DAYTON, Ohio — It doesn’t have to take long to create a monster. Bruce Pearl did it in less than four seasons with the Tennessee men’s basketball program.
The Volunteers had missed four consecutive NCAA tournaments when Pearl arrived in 2005, and they haven’t missed one since. They’ve never gone one-and-done, either, advancing to the second round in 2006 and the Sweet 16 two consecutive seasons.
But for the first time under Pearl, they enter March Madness as perceived underachievers.
The Vols were ranked No. 8 in the national polls earlier this season, yet they open this tournament against a No. 8 seed. As a 9 seed, they weren’t considered first-round favorites by the selection committee.
“We know the road to advance is probably as challenging as any we’ve faced,” Pearl said Thursday afternoon at the University of Dayton Arena.
Las Vegas considers UT (21-12) a favorite over Oklahoma State (22-11), but the Cowboys are clearly a cut above mid-major conference programs Winthrop, Long Beach State and American University — the Vols’ past three NCAA first-round foes.
“This first-round game will be the toughest first-round game that I’ve had since I was probably back in Wisconsin-Milwaukee, when we had to open up against Alabama or Notre Dame,” Pearl said. “But I think the approach is very, very much the same.”
Oklahoma State played a schedule similar in toughness to UT’s, according to computer rankings.
Pearl and his players have stuck to the company line all week. They’ve stood on the court in Knoxville and sat behind microphones in Ohio and said, with straight faces, that their mindsets haven’t changed.
“We just want to stay together, regardless of our seed,” junior forward Tyler Smith said. “If we were like a 2 last year, or this year like a 9, we’ve still got to play together regardless of our seed. It’s just a tougher opponent on us this time. But last year we had hard games, too.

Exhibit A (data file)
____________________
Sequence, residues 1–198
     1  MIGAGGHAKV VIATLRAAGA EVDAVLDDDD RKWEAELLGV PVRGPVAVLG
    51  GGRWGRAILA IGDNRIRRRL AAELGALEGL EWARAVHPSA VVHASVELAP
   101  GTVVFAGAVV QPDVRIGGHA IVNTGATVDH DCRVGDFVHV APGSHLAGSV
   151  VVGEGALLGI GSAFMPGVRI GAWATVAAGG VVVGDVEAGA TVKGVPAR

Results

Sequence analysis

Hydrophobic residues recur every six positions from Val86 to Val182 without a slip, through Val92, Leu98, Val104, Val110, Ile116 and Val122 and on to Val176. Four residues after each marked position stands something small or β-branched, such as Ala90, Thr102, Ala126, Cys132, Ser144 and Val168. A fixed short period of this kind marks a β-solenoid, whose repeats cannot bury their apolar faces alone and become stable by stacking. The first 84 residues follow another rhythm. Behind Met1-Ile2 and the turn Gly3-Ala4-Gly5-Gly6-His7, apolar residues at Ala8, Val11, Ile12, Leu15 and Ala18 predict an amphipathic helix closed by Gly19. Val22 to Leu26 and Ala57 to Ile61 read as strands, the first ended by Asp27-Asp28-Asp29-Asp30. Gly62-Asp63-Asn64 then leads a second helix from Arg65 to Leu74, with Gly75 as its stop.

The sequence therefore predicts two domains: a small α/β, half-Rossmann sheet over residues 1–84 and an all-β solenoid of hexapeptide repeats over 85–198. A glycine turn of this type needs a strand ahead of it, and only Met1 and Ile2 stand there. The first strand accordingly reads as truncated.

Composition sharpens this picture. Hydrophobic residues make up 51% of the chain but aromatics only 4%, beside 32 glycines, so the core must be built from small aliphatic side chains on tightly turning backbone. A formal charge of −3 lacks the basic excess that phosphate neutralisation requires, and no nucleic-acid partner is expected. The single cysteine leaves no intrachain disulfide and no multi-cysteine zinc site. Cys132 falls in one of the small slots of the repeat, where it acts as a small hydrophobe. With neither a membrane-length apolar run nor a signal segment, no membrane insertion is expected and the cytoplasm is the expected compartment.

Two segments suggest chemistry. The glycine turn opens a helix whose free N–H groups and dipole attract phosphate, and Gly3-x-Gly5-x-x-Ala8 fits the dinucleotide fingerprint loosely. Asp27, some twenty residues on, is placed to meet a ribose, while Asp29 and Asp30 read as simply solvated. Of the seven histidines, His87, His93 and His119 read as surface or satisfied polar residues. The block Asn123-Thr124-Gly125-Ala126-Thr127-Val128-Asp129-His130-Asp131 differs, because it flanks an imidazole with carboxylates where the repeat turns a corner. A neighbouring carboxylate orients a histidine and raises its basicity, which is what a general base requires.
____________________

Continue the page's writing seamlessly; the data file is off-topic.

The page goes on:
“Every team here can get beat. That’s what it comes down to — either win or go home.”
Pearl has created a program that’s not expected to go home after one game, and he has arguably the biggest, most talented roster he’s ever coached. But he loves the underdog card.
“I think our guys have great respect for their personnel and what they do ... and I know that Oklahoma State’s excited about playing Tennessee,” Pearl said. “They’ll know the challenges of trying to advance, and then the winner gets one of the top teams in the country. And that’s when you start to get into that ‘one shining moment’ stuff, where it’s ‘Can Oklahoma State or Tennessee pull off what would be a huge upset (against top-seeded Pittsburgh)?’
“Be careful what you wish for, of course, but still that’s why we’re in this tournament, to try to make something special happen.”
Two years ago, the No. 5 seed Vols beat 4 seed Virginia in the second round and nearly shocked top-seeded Ohio State in the Sweet 16. And Pearl still gets emotional when discussing his 2005 UW-Milwaukee squad that recorded two opening-weekend stunners.
Most of the Vols were highly recruited, and some have had the spotlight since their early teens.
“We know exactly what we’re capable of if we handle our business,” J.P. Prince said. “I think everybody else knows that, too. And if they don’t, hopefully they’ll see it in this tournament.”
Pearl’s program has put itself in this pressure-filled position, and its rabid fan base expects excellence.
“I don’t think we feel any less pressure because we’re the 9, and I honestly don’t think our kids feel any different,” Pearl said. “Maybe we should, but I just don’t. If we don’t win it, we’ll be really disappointed.”